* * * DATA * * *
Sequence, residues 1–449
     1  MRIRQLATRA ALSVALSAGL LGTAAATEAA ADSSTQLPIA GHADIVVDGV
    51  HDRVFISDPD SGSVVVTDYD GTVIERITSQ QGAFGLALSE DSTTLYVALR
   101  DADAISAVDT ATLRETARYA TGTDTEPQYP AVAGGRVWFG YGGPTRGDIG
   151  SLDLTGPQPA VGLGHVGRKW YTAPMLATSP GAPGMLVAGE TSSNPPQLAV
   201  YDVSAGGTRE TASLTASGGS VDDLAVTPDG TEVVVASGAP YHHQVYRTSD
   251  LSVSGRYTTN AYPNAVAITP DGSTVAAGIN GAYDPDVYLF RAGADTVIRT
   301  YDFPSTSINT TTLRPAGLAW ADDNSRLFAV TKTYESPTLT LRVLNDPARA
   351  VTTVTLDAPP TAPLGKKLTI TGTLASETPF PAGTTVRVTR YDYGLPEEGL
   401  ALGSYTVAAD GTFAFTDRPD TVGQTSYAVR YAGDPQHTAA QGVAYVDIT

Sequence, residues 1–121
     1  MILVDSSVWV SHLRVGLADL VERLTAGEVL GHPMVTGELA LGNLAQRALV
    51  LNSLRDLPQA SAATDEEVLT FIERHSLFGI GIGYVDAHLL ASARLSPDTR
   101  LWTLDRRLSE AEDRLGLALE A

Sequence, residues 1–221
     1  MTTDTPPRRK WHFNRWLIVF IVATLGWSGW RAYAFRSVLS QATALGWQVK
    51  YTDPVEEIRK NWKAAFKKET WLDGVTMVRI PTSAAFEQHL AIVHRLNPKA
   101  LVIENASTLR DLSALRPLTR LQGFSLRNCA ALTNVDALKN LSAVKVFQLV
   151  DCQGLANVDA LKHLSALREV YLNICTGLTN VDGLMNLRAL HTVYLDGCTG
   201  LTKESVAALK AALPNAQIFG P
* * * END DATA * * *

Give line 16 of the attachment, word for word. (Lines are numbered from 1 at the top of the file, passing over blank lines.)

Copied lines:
     1  MTTDTPPRRK WHFNRWLIVF IVATLGWSGW RAYAFRSVLS QATALGWQVK